Hot Star Paul Mescal Heats Up London Theatre, Plus BAFTA & Amy Winehouse – Deadline


Paul Mescal freely admits that Stanley Kowalski is a wife beater and a rapist. The star of indie favorite Aftersun says he has “a lot of sympathy for him because that’s my job” — Mescal is playing the brutal antagonist in a revival of Tennessee Williams’ A Streetcar Named Desire at London’s Almeida Theatre.

He quickly adds: “But no, I don’t like him. But I like playing him.”

Mescal describes Stanley as “smart, charming, dynamic and brutal,” adding that “there are parts of him that I would like being around,” though he’s well aware that Kowalski could “explode” at any moment. 

In a production directed by Rebecca Frecknall, the revival is electrifying.

Mescal is brilliant as the thuggish war vet, really an animal in a T-shirt. He’s put out of shape when Blanche, his sister-in-law, camps out at the small apartment in New Orleans he shares with wife Stella, played well by Anjana Vasan (We Are Lady Parts).

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“It’s my job to see him as somebody who is being encroached upon,” Mescal says.

And it’s Patsy Ferran (Living) who does the encroaching as Blanche.

In fact, both are animalistic, clawing at each other for their own spot of territory. 

It certainly shakes away the winter blues to already have seen two of the year’s best stage performances before the end of January. It’s all the more remarkable when you consider that Ferran landed Blanche after the show had been in rehearsals for a few weeks with Lydia Wilson in the role. Wilson had to withdraw due to ill health.

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Mescal says that he likes Stanley’s public persona. “There’s a coarseness to him which I think could be funny,” he says. “I think he’s somebody who draws you to him — and explodes, like he’s unpredictable.”

It’s clear that Mescal is the real deal. Not just because of the success of Aftersun, God’s Creatures, Normal People and all the rest.

It says a lot about him as an artist that he spent three years discussing doing the play with Frecknall (Cabaret), ensuring that time was found in his busy filming schedule to tread the boards at the Almeida.

I walked by the Almeida a couple of nights after the play opened (to rapturous notices) to find a line of hopefuls waiting for ticket returns. Every one of the Almeida’s 370 seats was spoken for that day.

You cannot get a ticket to see Streetcar for love or money. Unless you know Mescal really well. Like really well because he has access to two house seats a night. But populations of whole towns in England and his native Ireland have been after him for seats.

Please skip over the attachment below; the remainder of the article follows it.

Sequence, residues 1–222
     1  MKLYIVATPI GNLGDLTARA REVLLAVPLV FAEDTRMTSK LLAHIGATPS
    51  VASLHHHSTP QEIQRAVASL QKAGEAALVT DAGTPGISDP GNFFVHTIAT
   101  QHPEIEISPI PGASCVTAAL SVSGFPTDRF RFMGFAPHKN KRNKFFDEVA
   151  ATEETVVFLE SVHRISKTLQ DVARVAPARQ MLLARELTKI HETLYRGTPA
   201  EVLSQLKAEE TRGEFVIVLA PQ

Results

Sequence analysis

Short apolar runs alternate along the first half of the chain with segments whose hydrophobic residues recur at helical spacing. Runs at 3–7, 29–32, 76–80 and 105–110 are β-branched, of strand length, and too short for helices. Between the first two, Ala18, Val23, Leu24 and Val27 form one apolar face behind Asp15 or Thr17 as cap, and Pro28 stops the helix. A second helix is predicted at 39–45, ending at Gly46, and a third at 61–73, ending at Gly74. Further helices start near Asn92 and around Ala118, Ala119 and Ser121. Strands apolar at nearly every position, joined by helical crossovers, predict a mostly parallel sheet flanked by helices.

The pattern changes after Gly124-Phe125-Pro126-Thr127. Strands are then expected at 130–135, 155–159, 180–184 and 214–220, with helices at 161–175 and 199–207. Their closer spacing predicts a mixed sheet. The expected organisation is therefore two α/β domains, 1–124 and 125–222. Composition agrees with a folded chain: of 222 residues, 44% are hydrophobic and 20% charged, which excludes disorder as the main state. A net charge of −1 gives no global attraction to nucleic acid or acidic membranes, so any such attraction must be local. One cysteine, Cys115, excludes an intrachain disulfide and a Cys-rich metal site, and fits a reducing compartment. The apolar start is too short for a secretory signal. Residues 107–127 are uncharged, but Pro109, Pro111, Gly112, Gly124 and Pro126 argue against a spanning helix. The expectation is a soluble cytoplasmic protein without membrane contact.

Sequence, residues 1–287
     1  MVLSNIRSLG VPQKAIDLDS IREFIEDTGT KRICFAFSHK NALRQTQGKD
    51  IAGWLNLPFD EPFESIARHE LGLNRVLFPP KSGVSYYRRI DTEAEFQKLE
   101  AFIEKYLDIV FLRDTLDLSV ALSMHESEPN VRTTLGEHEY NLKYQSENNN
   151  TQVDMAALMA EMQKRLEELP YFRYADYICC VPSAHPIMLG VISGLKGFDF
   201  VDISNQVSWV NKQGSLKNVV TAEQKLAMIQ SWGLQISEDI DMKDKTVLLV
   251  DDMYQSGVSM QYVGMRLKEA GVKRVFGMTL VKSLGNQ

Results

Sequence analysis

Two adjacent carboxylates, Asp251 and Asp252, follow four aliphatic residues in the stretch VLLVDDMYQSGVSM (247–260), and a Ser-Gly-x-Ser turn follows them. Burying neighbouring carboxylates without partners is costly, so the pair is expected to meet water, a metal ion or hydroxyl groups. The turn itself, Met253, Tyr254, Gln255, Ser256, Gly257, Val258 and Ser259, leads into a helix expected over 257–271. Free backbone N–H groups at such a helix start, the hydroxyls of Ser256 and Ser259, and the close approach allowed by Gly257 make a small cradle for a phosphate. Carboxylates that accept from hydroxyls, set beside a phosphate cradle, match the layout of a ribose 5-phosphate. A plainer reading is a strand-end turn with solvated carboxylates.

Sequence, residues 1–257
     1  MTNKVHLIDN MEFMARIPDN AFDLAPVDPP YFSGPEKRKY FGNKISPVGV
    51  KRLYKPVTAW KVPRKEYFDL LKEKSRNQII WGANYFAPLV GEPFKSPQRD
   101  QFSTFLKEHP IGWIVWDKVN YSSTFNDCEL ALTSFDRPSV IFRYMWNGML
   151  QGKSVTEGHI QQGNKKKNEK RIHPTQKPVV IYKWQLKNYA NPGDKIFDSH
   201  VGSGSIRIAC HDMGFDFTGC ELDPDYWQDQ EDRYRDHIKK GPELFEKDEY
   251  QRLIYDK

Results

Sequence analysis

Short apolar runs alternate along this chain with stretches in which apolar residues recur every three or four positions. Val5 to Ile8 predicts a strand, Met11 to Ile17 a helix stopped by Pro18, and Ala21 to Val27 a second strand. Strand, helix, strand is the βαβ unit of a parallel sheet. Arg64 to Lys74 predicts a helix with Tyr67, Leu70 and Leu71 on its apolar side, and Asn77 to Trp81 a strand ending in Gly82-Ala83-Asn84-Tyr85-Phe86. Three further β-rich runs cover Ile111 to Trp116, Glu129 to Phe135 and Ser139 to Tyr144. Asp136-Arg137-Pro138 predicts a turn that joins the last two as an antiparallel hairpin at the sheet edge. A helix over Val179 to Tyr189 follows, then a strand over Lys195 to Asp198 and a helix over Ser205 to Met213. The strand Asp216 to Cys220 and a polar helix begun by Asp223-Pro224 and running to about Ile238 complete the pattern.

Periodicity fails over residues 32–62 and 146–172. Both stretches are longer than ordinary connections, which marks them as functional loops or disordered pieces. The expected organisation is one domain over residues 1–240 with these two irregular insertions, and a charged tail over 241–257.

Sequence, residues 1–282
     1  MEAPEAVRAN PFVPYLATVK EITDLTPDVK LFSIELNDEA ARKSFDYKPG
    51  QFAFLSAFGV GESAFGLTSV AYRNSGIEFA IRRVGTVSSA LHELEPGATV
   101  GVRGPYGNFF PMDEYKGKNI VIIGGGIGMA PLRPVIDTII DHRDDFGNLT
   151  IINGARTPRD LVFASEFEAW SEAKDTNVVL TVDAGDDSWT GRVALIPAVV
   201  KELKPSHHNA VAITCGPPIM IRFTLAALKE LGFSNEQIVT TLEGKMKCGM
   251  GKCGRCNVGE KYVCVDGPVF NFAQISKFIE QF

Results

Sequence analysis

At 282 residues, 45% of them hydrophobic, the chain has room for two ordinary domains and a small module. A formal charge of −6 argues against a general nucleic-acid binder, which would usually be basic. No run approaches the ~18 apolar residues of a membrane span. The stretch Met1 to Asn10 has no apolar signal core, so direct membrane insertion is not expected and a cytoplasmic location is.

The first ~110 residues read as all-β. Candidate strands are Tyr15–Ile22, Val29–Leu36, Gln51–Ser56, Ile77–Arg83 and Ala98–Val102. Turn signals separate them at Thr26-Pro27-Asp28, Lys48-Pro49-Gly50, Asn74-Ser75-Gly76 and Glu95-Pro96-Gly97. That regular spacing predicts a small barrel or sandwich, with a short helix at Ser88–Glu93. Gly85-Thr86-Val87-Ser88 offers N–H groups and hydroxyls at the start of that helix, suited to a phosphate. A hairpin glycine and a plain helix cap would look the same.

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Mescal laughs and wonders if he hadn’t playing the title role in The Phantom of the Opera at age 16 whether he’d be in the profession today. “That was life-changing,” he says. 

He’s enjoying theater because he loves “the routine of it.”

He continues: “I love the kind of fact that you can really immerse yourself in the rhythm of the play; you’re not kind of stopping for a lens of the cameras to turn around or sit around all day and night. You do the play and it’s different every single time, even though you speak the same lines. The audience is different, everything is slightly different every night.”

Today was different because he received a best actor BAFTA nomination.

BAFTA AND DISCUSSIONS ON GENDER NEUTRALITY

Both BAFTA CEO Jane Millichip and the organization’s chair, Krishnendu Mahjmdar, confirmed that they are having industry-wide discussions about the possibility of implementing gender-neutral awards.

But “as you can see, we haven’t reached that stage this year,” Millichip tells me.

“It’s an ongoing discussion,” Mahjmdar adds during a separate conversation.

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Millichip noted that conversations have been ongoing for some time, long, long before filmmaker Sam Mendes observed that gender neutrality one day would become “inevitable” when he was asked about comments made by Emma Corrin. They had noted that it’s already about time.

“We are in the throes of conversations with industry experts, stakeholders and membership peers,” Millichip explained. “It’s a complex discussion to be had, and we are in that process. We are taking the subject very seriously. And consulting at length on it.”

Millichip said she was pleased with the “good balance” in this year’s crop of nominees and practically jumping with joy at the 11 female directors who cropped up in various categories. She noted the lineup in the Debut by a British Writer, Director or Producer category.

Plus, she liked the balance of commercial and indie pictures in this year’s mix, citing All Quiet on the Western Front, The Banshees of Inisherin, Elvis, Everything, Everywhere All at Once and Tár.